Here’s a pretty hot take from The New Republic on “the white men who wanted to be victims.” The author looks at the political landscape of the era, including the civil rights movement, and how white Vietnam vets decided they wanted to be part of the action, fashioning “their own new brand of therapeutically inflected grievance politics.”

The piece is written by Chris Lehmann but leans heavily on the work of Joseph Darda, author of “How White Men Won the Culture Wars.”

Lehmann writes:

Another potent channel of this emerging dynamic of white blamelessness was the Prisoner of War/Missing in Action movement, which also managed to transmute a cross-racial vets’ issue into a politics of white grievance…. “The whiteness of the Operation Homecoming vets, the most visible and distinguished former prisoners of war, made the POW/MIA movement a vehicle for white racial grievance,” Darda writes, “and the POW/MIA flag has been a common sight at white supremacist rallies ever since. When a 1985 Newsweek headline declared ‘We’re Still Prisoners of War,’ some readers, whether conscious of it or not, would have taken that ‘we’ to mean white America.”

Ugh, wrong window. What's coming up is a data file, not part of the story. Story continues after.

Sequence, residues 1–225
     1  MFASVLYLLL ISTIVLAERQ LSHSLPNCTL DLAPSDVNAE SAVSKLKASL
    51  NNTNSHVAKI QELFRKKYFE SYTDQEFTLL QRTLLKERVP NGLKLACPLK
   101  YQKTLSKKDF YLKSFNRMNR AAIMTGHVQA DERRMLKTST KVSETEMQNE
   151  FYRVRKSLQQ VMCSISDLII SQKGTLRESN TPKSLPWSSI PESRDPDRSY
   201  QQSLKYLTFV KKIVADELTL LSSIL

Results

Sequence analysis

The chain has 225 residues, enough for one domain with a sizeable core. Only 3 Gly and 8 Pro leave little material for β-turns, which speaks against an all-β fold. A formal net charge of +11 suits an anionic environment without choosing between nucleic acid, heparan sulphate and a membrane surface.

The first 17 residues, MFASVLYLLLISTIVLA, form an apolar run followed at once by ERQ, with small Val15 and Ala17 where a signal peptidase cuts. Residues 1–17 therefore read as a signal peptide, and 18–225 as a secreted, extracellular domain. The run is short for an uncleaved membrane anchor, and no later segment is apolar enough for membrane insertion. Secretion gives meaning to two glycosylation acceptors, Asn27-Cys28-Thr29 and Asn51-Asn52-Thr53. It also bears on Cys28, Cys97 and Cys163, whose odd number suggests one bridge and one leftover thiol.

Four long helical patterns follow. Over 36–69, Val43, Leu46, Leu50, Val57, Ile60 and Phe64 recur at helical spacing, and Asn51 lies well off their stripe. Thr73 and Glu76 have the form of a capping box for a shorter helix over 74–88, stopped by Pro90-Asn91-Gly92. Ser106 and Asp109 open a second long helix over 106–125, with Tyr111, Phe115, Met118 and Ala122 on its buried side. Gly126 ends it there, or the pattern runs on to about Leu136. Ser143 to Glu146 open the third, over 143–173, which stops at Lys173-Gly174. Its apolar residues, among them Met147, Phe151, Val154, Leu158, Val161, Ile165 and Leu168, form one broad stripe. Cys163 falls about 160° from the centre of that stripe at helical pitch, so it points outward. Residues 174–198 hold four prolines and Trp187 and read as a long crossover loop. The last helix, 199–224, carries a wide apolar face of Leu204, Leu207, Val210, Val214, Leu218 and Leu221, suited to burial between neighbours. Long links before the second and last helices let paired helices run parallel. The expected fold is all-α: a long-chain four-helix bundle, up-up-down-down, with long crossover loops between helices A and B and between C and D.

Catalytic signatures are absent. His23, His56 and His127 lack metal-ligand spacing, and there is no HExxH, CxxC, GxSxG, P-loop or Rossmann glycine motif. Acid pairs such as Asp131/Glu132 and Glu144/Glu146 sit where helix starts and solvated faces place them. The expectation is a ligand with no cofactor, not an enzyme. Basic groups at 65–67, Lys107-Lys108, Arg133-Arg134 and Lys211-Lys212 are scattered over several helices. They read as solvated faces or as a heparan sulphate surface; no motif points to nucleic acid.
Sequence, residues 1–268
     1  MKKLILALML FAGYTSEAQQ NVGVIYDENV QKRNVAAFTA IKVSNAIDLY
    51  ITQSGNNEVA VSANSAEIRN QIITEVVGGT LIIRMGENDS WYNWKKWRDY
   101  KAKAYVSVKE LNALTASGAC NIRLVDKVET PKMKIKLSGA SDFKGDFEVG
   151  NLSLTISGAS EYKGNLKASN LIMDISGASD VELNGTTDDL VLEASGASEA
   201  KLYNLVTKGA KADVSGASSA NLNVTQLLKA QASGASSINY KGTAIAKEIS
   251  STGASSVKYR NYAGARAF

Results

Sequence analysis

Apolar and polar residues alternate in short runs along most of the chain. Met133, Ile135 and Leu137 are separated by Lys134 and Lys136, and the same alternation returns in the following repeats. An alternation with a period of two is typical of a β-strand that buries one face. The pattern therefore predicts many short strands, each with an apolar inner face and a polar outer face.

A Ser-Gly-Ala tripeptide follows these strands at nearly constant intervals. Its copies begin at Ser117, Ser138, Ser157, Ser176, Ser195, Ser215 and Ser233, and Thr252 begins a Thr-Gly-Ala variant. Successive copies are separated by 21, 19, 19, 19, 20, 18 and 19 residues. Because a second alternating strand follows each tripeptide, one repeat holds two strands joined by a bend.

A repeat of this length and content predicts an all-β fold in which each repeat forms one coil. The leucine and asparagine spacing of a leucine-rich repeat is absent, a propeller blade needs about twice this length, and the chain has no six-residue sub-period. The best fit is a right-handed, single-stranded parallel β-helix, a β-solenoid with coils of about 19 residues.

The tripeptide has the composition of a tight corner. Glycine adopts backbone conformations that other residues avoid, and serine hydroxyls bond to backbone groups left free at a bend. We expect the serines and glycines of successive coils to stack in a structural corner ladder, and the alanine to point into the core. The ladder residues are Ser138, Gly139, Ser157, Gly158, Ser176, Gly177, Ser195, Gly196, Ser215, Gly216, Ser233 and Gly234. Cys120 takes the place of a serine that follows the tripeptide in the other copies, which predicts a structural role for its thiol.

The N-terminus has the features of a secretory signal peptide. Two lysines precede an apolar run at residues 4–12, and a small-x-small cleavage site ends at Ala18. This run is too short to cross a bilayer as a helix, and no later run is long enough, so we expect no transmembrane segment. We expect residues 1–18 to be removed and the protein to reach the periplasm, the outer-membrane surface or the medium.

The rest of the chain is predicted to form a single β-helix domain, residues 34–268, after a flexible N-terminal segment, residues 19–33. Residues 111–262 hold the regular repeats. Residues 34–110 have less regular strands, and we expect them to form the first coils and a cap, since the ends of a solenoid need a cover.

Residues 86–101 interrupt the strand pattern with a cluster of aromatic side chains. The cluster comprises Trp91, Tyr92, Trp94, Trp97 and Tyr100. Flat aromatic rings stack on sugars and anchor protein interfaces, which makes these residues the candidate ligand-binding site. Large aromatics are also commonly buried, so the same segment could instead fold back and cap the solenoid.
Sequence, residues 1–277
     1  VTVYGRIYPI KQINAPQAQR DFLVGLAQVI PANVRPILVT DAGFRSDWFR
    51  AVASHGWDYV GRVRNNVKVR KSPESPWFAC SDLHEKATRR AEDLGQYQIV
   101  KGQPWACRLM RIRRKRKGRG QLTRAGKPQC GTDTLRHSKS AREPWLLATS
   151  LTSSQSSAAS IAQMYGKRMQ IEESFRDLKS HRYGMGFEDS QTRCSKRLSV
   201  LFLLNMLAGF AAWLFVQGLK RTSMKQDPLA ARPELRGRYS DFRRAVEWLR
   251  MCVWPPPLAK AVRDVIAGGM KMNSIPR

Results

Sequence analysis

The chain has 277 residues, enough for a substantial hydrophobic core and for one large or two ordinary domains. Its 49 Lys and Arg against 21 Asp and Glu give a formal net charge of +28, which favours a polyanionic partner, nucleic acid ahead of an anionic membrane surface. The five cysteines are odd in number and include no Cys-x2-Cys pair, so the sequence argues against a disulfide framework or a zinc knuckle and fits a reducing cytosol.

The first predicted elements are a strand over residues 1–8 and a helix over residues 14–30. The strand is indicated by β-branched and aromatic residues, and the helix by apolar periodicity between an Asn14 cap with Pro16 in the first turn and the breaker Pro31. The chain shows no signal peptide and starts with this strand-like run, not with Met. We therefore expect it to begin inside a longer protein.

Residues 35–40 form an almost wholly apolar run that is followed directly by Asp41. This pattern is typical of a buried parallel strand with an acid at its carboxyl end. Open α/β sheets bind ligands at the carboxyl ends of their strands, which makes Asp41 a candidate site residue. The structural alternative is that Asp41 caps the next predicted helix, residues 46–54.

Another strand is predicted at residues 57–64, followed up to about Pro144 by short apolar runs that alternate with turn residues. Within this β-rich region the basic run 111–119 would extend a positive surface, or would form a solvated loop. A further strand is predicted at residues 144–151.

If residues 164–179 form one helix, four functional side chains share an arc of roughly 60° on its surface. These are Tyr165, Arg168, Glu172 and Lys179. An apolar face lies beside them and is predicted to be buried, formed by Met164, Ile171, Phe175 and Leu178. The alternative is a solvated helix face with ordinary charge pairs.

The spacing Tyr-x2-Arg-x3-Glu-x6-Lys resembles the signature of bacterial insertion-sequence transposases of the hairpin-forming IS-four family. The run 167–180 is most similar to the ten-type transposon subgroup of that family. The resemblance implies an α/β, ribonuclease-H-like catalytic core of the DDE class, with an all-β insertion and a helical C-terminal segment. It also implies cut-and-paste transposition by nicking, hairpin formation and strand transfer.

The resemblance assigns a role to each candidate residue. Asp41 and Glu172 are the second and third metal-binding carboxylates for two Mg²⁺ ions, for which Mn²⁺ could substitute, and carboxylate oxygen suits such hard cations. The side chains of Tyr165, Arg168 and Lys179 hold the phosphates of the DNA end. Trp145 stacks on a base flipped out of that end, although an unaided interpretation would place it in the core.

How about these Vietnam vets and prisoners of war trying to achieve some sort of victim status? Even John McCain “built a political career on the idea that his sacrifice and suffering were emblematic of his generation of veterans” — a “lily-white, mediagenic presentation of returning prisoners of war.”

 

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